When I left Alexandra, it was sunny and a little hot. In nearby Cromwell, it was warm but cloudy. A half-hour away, in the Gibbston Valley, it was milder, but with returned hints of the sun. And just up the road in Queenstown, the air is decidedly crisp, and a light rain falls. None of these places are far from each other, yet the climatological differences (and their inevitable effect on viticulture) are writ large.
All that said, I’m not here for wine. I’m here for coffee.
Theresa, fresh from her relaxing day at the spa (and her even more relaxing post-spa nap) joins me on a dubious side street, rife with American fast food and truly tacky knick-knack shops, to try what is alleged to be the best café in all of New Zealand. That, as we’ve discovered, is a mighty strong claim, but we’re prepared for a thorough assessment.
It’s not easy to find Joe’s Garage (Camp St.) from the front, mostly because there’s not really a sign, nor are there street-facing windows to indicate what’s inside (there’s one in the back, alongside some outdoor tables, but no one would ever be back there unless they knew precisely where they were going). In this way, it’s a little like The Bunker in its self-conscious invisibility to passing throngs of tourists, and though the word on this place is definitely out, I suspect many are simply unable to locate this venue.
Inside, however, things are a bit more amusing. Joe’s Garage is a single, high-ceilinged room (that does, in fact, look like a converted commercial garage), with a studied mess of haphazard décor that suggests some sort of geographically indistinct road trip…a little Route 66, a little Paris-Dakar, perhaps even a little Southern Scenic Route…and the cornucopia of tchotchkes assembled along the way. In the room: a few small tables, a few stools at a bar, and that’s it. It is strikingly hip via its very indifference to the concept.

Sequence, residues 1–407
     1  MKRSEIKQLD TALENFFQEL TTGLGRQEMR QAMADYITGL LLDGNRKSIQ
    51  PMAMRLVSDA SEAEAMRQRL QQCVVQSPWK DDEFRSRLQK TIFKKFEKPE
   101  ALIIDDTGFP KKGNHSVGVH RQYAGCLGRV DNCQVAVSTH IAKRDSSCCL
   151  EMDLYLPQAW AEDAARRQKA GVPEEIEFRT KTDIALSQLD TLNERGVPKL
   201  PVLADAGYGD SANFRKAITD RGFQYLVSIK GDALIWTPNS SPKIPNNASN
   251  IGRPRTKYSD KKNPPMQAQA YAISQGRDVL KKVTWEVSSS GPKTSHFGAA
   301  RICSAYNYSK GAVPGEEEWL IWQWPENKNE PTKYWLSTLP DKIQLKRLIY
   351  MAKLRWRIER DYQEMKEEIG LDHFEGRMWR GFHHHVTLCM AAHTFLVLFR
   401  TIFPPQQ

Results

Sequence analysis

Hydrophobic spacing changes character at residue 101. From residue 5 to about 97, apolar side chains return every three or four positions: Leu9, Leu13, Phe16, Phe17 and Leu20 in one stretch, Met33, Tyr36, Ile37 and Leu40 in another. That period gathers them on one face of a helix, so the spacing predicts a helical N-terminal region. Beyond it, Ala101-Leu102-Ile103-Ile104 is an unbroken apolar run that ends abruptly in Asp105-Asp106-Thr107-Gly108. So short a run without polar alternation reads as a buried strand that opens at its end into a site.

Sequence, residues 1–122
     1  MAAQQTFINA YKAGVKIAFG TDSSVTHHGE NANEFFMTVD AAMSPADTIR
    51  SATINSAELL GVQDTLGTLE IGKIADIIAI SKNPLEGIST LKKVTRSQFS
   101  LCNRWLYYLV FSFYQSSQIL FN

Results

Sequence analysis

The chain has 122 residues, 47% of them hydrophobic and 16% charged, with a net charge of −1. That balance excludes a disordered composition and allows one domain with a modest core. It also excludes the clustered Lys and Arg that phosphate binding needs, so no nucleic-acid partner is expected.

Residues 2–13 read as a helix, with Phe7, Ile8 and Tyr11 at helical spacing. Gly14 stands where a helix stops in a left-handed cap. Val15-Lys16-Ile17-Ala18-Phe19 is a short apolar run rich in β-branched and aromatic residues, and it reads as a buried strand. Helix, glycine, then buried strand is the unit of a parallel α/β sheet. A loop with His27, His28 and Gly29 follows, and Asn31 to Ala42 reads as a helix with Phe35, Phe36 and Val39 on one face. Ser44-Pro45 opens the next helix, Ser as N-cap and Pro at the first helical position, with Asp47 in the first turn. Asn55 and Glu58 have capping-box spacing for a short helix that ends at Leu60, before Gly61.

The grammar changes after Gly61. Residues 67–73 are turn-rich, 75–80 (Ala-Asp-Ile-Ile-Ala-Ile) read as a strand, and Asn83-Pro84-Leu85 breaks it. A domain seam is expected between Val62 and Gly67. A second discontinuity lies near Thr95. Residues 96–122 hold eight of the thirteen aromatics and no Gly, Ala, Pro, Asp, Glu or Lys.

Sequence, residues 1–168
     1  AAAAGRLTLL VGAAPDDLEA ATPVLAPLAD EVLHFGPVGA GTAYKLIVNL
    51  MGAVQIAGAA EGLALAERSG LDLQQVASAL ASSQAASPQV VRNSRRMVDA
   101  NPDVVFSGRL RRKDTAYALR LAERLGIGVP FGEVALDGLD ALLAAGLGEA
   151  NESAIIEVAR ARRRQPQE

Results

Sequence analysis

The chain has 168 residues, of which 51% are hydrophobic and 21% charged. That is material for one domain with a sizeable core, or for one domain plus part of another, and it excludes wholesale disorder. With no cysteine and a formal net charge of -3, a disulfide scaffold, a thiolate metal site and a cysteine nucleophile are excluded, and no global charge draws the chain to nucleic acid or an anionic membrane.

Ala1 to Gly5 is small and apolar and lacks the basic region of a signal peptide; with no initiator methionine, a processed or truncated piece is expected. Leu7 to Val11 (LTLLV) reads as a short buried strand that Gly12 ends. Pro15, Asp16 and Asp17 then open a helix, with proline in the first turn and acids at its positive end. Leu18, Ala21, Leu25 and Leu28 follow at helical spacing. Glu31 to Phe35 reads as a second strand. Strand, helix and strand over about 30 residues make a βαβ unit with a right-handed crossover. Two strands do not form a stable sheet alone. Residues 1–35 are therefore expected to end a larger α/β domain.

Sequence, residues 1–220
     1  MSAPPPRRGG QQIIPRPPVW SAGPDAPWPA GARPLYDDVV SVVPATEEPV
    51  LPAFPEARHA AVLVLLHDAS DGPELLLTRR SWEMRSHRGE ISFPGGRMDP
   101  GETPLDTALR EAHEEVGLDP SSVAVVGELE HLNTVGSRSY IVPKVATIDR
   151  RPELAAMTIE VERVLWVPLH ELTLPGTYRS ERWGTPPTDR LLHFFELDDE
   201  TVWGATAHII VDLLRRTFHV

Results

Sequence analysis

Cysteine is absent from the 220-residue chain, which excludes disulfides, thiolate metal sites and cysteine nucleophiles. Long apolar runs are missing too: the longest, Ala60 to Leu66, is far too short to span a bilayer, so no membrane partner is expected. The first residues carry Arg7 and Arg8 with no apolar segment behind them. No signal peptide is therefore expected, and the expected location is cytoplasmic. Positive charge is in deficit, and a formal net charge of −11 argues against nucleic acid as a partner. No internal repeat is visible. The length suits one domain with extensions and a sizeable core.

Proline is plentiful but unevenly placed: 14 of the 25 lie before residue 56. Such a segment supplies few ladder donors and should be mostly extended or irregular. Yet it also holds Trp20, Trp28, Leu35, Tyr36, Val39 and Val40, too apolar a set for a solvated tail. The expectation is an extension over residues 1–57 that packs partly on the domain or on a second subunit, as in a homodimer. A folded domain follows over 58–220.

I note, however, that the entropy of the main room does not extend to areas behind the bar, where a four-person staff works in pristine, efficient precision. I take a quick look at the menu of breakfast-type comestibles (scribbled on a large board far above the bar), and order a “brat” and a flat white. Here is what transpires:
A sausage is plucked from a rotisserie, glistening and plump. It’s placed on a hot grill, while an even fatter roll is produced. This is toasted in its native state, then sliced open and toasted a second time, while the sausage is rolled and tossed around the grill until it has developed a fine sear on all sides. A canister of a smoky barbecue-type sauce is set next to another full of piquant, English-style whole grain mustard, and these are carefully applied to each interior face of the now well-toasted roll, after which the sausage is arranged precisely in a position to be enveloped by these condiments. The price for all this excellence? $5 NZ.
Meanwhile, the barista – unquestionably the most brooding and serious of the café staff, so much so that Theresa begins to refer to him as Bono – begins the process of making a flat white. With a series of fresh presses from the elaborate brewing machinery behind him, he assembles a lineup of cups and begins to work his art: an espresso here, a cappuccino there, and then a series of flat whites. A dark, almost inky shot of espresso is immediately pierced by a folded mixture of steamed and frothed milk, though top-riding foam is held back by the careful manipulation of a knife. The barista gently adjusts the direction and amplitude of his pour, leaving the finished coffee topped with a delicate leaf pattern traced in the tiny amount of foam that rises to the top of the cup. It is an absolute work of art.
It’s taste, however, that matters…and here, Joe’s Garage unquestionably surpasses its reputation. The bratwurst sandwich is in perfect proportion – meat, bread and condiment in satisfying marriage – while the coffee is utterly flawless and stupendously rich. Laughing with delight over our purchases at a freshly-emptied table, we have only one question: what took us so long to visit this place?
Learning to hate baths
We nurse a second pair of stunning flat whites, then head back to the house to change for dinner. Little do we anticipate the turn our evening is about to take.
(Continued here, with tasting notes and more photos…)